(Corrects to remove erroneous chart)
* To pay $63/shr; offer at 55 pct premium
* Deal to add to Applied earnings in first year
* Eyes surging demand from smartphones, solar companies
* Varian shares up 51 percent; Applied down 1.8 percent (Adds analysts’ comments, background on industry)
By Noel Randewich and Himank Sharma
SAN FRANCISCO/BANGALORE, May 4 (Reuters) - Chip tool maker Applied Materials (AMAT.O) will buy Varian Semiconductor Equipment Associates Inc VSEA.O for $4.9 billion in cash as it looks to meet rising demand from smartphone and solar equipment manufacturers.
The deal values Varian at $63 per share, a 55 percent premium to its closing price on Tuesday. The company’s stock jumped 51 percent to $61.25 in morning trading on Wednesday, while Applied Materials shares dipped less than 1 percent.
Buying Varian will boost Applied Materials’ earnings per share within a year and save up to $60 million annually as the red-hot market for gadgets like Apple’s (AAPL.O) iPhone fuels demand for chip manufacturing tools, executives said.
Varian produces ion implantation gear for making integrated circuits, or chips, found in all modern electronic gadgets. It is a complex process of implanting ions around which the structure of the chip is built.
Applied Materials does not currently offer ion implanters, a small but fast-growing niche of the global chip-making gear market that will become increasingly crucial as microchip architecture becomes more microscopic and complex.
“Varian’s presence in solar equipment outside of the semiconductor space should be a good fit for Applied Materials,” said Caris & Co analyst Ben Pang. “They paid for the company that has the right technology to be the market leaders for a number of years.”
Spending on ion implanters accounts for up to 5 percent of the $35 billion wafer fab equipment market, Pang said.
The Varian deal comes a month after Texas Instruments’ TXN.N announcement to acquire National Semiconductor (NSM.N) for $6.5 billion, a 78 percent premium. The agreement would unite two of the industry’s oldest companies into a dominant force in analog microchips used in products ranging from phones to cars. [ID:nN04281619]
Wednesday’s deal, Applied’s largest ever, will help the company corner a larger share of the fabrication market as a provider of technology for the makers of higher-performance chips, particularly for mobile applications with faster speeds and longer battery life.
Varian’s technology could also extend into such markets as solar, display and light-emitting diodes, or LEDs, the companies said.
But at about 16 times expected earnings, compared to around 10 times expected earnings of other chip tool makers, the Varian acquisition seems expensive, said RBC Capital analyst Mahesh Sanganeria.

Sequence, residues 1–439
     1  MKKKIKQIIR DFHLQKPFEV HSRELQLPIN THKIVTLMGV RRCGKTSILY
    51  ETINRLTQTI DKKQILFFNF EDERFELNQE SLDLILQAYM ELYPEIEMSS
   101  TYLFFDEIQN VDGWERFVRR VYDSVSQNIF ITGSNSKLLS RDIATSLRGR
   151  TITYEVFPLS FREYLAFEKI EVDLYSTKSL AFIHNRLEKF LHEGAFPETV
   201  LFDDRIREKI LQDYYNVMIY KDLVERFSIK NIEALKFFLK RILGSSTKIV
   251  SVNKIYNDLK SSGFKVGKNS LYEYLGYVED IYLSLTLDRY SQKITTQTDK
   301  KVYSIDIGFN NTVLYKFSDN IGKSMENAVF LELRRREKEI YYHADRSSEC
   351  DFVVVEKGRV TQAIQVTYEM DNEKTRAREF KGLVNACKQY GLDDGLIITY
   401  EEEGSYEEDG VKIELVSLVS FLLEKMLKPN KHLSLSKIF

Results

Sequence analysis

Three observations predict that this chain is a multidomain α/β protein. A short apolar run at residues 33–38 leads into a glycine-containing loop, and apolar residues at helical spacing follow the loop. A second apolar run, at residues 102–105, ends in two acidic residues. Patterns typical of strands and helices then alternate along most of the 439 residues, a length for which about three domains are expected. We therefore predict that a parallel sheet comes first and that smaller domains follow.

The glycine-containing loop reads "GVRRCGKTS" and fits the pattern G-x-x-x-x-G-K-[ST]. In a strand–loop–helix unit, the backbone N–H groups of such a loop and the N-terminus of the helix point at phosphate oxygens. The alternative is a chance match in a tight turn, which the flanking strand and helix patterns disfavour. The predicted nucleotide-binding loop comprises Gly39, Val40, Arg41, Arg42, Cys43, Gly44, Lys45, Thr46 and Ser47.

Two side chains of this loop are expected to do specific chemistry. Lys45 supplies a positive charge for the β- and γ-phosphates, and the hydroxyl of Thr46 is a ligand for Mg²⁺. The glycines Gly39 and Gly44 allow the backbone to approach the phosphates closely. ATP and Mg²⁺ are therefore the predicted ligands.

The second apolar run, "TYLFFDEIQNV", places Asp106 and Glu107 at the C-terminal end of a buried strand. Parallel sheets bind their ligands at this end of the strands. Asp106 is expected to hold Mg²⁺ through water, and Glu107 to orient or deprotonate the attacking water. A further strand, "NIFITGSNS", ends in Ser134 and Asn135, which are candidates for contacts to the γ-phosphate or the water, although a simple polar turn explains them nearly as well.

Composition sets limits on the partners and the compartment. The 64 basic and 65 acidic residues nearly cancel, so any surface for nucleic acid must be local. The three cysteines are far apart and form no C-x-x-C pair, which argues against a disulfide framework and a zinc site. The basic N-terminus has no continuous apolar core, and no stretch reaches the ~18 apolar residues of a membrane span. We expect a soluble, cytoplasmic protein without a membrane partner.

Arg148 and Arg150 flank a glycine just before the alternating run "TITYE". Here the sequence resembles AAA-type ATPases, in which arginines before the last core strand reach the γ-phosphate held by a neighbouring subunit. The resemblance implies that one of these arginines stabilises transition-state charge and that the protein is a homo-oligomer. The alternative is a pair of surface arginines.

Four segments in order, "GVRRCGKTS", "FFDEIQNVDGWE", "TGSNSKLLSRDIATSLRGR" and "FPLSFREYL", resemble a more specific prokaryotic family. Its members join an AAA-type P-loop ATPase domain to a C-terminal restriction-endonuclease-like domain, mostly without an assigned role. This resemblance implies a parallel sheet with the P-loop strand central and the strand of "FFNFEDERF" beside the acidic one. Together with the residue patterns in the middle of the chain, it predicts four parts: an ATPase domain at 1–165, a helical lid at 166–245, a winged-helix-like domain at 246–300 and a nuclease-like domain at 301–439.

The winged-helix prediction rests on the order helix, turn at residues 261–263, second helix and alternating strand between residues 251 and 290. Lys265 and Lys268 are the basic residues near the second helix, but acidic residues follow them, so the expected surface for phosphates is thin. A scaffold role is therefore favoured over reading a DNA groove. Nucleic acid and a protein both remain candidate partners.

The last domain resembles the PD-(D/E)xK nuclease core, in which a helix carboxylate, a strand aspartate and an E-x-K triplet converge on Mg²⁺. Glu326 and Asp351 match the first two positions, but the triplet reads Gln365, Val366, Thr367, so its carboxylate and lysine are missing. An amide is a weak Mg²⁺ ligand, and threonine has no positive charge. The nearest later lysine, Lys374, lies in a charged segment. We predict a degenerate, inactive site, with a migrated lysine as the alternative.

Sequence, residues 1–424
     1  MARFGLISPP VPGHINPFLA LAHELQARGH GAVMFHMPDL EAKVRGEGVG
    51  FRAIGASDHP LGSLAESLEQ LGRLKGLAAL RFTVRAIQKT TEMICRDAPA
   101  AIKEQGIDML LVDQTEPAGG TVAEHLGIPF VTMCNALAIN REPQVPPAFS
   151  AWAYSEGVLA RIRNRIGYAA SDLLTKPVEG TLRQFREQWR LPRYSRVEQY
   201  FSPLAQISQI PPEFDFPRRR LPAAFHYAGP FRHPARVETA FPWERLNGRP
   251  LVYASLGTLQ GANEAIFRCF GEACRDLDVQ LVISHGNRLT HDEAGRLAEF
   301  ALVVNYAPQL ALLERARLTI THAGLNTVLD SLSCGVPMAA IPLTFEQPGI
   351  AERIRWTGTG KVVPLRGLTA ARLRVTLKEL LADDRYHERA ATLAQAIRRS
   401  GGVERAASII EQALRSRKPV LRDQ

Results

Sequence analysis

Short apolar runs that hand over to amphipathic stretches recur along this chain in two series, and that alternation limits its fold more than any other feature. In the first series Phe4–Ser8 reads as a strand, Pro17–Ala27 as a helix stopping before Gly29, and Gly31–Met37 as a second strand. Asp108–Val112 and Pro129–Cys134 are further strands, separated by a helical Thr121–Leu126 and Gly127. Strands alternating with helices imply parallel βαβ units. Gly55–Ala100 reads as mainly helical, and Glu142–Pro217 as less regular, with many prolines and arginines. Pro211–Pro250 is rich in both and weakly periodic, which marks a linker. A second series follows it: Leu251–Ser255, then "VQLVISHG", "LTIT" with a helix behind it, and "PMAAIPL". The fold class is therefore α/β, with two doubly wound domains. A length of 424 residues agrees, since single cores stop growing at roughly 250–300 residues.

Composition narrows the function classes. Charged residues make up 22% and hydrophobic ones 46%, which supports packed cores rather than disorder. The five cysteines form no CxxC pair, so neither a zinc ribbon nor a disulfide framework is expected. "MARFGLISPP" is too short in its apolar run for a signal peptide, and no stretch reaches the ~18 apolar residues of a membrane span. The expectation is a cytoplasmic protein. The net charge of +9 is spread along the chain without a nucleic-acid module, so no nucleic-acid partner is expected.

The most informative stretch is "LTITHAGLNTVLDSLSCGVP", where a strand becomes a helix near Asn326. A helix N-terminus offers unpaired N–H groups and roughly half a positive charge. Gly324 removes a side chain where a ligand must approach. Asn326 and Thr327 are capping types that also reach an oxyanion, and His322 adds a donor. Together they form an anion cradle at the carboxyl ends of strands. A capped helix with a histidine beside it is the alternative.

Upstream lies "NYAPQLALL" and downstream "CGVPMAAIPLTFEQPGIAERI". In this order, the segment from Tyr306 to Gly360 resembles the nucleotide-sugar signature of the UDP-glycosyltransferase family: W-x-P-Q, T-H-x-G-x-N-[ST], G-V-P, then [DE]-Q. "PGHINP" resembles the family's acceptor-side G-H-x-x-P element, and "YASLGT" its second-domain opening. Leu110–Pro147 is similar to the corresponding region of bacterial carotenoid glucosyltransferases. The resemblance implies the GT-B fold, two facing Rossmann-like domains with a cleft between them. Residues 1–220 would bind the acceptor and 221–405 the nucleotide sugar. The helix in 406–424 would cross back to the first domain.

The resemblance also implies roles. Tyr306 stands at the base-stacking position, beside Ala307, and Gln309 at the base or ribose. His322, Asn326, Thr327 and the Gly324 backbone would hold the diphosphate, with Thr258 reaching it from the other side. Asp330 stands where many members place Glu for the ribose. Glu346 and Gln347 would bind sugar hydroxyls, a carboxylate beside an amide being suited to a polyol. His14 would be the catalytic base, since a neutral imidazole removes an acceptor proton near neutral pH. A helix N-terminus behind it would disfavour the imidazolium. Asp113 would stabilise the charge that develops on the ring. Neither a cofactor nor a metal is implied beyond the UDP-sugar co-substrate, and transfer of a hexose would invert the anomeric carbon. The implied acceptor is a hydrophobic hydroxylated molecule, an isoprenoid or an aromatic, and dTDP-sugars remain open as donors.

“The case of National Semiconductor was different. The stock was undervalued. I don’t think Varian’s stock was undervalued by any stretch,” Sanganeria said.
Shares of Novellus Systems NVLS.O, another chip-gear maker, were up 4.17 percent at $32.20.
Intel, the world’s leading chipmaker, has scheduled an announcement later on Wednesday, expected to relate to its new 22-nanometer production process due to start in November.
Varian, whose customers include GlobalFoundries, Hynix Semiconductor (000660.KS), Intel (INTC.O), IBM (IBM.N), Micron Technology (MU.O) and Samsung Electronics (005930.KS), entered the market for ion implanters in 1975 through the acquisition of Extrion Corp.
Buying it gives Applied Materials access to a potential $1.5 billion market, executives said.
“(Ion) implants should grow a little faster than overall chip equipment. We are seeing increased complexity in the structure of transistors and I think as Intel unveils their new 22 nm transistors ... you’ll see Varian getting increased ion opportunity as the transistor becomes more complicated,” said Barclays Capital analyst C.J. Muse.
Applied Materials expects the Varian purchase to add more than 8 percent to its earnings per share before special items in the first full year.
The company estimates savings from the acquisition at $50 million to $60 million annually, mostly from costs of materials, executives told analysts on a conference call.
“We have a very strong and established global supply chain, and we think there’s going to be value that comes out of leveraging that,” Applied Materials Chief Financial Officer George Davis said.
Applied expects to fund the deal with cash on hand and debt. It has secured a commitment for $2 billion, one-year bridge loan from JPMorgan Chase Bank (JPM.N), Citigroup Global Markets Inc (C.N) and Morgan Stanley Senior Funding Inc (MS.N).
Credit Suisse CSGN.VX acted as financial adviser to Varian.
Varian will have to pay a termination fee of $147 million if it ends the deal, and if agreement fails to get antitrust approvals, Applied will have to pay $200 million, the companies said.
Shares of Applied Materials were down 2.2 percent at $14.91.
Reporting by Himank Sharma and Saqib Iqbal Ahmed in Bangalore, Noel Randewich in San Francisco; editing by Gunna Dickson